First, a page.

It's not often that Blazin' Saddles brings his weekly blog from the heart of the action - but that's the case as week two of the Vuelta a Espana draws to a close with yours truly out in Barcelona, a mere stone's throw from the stage 13 finish at Castelldefels.
Yet another uphill finish looked to have Philippe Gilbert's name all over it - especially with the Belgian world champion finally ending his 'rainbow duck' on Thursday.
Having been pipped by a matter of inches by Zdenek Stybar for stage seven last Friday, the 31-year-old secured his first win in 347 days on Thursday's stage 12 to Tarragona, ensuring he wouldn't go a whole year in the rainbow fleece without topping a podium.
But a repeat was not to be in the 169km stage to Castelldefels. Deciding that a sweltering hike up the 'nearby' Alto de Rat Penat was perhaps a bit ambitious, Saddles picked up the action at the first intermediate sprint.
Walter Barguil, the eventual stage winner, was near the front as Sky's Xabier Zandio led the break over the line with a lead of over two minutes with 60km remaining. It was the start of a mini loop south of the finish town, including the steep first-category Rat Penat ascent.
While the riders grappled with a gradient peaking at 20 per cent, Saddles hot-legged (quite literally - his first ever waxing session took place just hours earlier) it back to the town centre and up towards the finish, located atop a punchy ramp beside the old castle that gives the place its name.
Italy's Rinaldo Nocentini seemed the danger man of the nine-man breakaway, which had managed to stave off the peloton, but it was French youngster Barguil who did the business. Catching out his more experienced fellow escapees, the Argos-Shimano rider attacked with 1km remaining and powered up the drag to cross the line seven seconds clear of Nocentini.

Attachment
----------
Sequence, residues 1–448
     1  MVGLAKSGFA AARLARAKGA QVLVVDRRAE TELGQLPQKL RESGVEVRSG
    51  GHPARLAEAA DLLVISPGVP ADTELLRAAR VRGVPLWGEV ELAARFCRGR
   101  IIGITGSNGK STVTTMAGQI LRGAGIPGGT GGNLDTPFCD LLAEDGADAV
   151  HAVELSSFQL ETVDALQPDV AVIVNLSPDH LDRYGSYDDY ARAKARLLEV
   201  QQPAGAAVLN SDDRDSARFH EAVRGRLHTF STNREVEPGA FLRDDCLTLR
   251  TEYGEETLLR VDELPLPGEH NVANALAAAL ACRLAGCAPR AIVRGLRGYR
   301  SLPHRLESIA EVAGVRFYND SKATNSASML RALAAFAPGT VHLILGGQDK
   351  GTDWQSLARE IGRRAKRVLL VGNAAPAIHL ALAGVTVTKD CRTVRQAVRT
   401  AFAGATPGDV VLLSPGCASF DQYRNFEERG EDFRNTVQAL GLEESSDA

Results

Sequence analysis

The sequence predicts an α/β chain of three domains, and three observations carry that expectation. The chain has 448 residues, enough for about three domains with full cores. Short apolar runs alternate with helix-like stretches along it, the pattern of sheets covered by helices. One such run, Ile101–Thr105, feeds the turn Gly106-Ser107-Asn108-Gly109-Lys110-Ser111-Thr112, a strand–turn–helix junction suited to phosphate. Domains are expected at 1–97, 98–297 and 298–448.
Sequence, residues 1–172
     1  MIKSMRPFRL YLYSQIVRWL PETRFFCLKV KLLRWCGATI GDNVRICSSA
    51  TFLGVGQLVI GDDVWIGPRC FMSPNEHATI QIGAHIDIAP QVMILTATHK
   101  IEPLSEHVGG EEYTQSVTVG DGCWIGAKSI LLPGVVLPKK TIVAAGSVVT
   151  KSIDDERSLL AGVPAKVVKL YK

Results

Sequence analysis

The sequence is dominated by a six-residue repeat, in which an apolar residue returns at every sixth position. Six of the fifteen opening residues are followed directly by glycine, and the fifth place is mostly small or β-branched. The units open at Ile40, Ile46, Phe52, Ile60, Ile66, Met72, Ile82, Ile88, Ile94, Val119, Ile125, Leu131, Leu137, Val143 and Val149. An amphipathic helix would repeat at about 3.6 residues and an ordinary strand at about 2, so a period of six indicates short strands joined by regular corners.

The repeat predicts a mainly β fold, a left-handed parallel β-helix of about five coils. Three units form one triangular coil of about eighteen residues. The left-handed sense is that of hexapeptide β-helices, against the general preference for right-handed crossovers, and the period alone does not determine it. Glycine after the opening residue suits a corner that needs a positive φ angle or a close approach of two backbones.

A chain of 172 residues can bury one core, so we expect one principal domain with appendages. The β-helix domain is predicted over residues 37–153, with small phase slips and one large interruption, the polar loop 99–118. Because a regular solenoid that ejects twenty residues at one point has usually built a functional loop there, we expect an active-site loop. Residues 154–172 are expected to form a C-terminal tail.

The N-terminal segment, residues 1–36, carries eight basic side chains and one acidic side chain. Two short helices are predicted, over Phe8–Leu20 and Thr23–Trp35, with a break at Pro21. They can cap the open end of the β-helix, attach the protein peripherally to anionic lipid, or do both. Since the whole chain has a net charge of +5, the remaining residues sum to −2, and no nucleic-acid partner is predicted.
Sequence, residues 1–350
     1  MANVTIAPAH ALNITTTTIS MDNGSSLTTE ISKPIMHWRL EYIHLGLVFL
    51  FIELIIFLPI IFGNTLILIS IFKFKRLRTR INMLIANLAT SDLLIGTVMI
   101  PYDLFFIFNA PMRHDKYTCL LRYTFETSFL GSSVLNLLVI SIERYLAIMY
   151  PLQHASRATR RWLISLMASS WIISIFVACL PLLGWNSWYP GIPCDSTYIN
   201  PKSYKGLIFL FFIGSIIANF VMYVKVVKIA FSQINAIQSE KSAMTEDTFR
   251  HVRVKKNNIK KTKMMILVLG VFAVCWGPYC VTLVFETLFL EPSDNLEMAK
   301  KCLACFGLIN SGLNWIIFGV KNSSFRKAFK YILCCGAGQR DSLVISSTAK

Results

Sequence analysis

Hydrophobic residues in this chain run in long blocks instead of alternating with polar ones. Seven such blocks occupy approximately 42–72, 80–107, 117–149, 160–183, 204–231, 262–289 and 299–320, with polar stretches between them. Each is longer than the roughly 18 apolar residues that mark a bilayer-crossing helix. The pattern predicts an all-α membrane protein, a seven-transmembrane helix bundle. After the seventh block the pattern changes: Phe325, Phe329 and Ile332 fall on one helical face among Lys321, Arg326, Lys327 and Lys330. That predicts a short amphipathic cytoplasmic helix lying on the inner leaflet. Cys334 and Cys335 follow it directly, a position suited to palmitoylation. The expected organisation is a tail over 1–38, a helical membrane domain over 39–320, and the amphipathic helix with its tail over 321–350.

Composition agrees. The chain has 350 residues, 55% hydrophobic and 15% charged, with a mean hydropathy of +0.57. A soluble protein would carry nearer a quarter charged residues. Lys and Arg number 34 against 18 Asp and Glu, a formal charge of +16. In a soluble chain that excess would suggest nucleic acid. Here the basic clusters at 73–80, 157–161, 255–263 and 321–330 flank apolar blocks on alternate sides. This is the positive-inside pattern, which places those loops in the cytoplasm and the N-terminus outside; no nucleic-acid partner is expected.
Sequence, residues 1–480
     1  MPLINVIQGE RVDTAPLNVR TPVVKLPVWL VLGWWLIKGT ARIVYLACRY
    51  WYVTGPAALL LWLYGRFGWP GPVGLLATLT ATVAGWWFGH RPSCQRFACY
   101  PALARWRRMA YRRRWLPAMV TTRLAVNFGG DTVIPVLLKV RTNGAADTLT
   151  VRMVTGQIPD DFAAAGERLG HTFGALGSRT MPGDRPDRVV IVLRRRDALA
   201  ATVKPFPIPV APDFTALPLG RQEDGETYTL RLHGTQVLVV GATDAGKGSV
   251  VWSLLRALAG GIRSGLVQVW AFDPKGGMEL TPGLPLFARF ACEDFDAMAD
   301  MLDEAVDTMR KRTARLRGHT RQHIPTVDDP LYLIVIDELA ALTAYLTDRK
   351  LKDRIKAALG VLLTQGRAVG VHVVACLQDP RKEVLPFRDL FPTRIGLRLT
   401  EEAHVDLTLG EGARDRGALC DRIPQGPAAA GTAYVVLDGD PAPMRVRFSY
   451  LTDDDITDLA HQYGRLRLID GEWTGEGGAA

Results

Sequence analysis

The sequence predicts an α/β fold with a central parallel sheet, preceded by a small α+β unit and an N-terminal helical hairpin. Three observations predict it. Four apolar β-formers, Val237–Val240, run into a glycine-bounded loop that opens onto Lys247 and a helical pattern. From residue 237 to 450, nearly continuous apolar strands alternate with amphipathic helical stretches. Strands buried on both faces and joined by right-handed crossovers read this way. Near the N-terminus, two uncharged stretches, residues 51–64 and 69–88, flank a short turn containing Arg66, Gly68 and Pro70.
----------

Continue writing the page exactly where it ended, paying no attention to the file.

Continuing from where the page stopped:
Later, the 21-year-old whippet would fulfil his press obligations by posing in a small electric car in a courtyard of the ancient Castillo. Saddles - along with his pals Dave and Justin from the satirical website Cyclismas - were the only media representatives not beavering away in the neighbouring press room and so got to jump behind the wheel of the same car.
Barguil's angular knees and elbows still showed the war wounds from his big crash on Monday - the day Chris Horner beat his own record and became the oldest rider to wear the leader's jersey of a Grand Tour for the second time in a week.
Horner's second stage win on this Vuelta came atop the Alto Hazallanas after a timely attack around four kilometres from the end of stage 10. Such was the bombastic nature of his win - the 42-year-old American pretty much rode the final four kilometres in the dancing position - that many people had a Horner harrumph.
In fact, the same people who complained about Chris Froome winning stages with his trademark in-the-saddle accelerations completely went to town with Horner for winning while defiantly staying out of the saddle.
In today's climate of suspicion and default cynicism it seems that you're damned if you do and damned if you don't.
Take Sky's previous two Tours: everyone laid into Dave Brailsford for Bradley Wiggins' tactical overall victory and Froome's subservience in 2012. Then once let off the leash, Froome became the target of bilious accusations - invariably from the same people who seemed too eager for him to call the shots one year earlier.
That said, Horner's previous teams (Saunier-Duval and Astana), his advanced age and his close ties with Lance Armstrong (even last summer, Horner was praising his younger (!) compatriot), have made some people stop and go 'Hmm...'.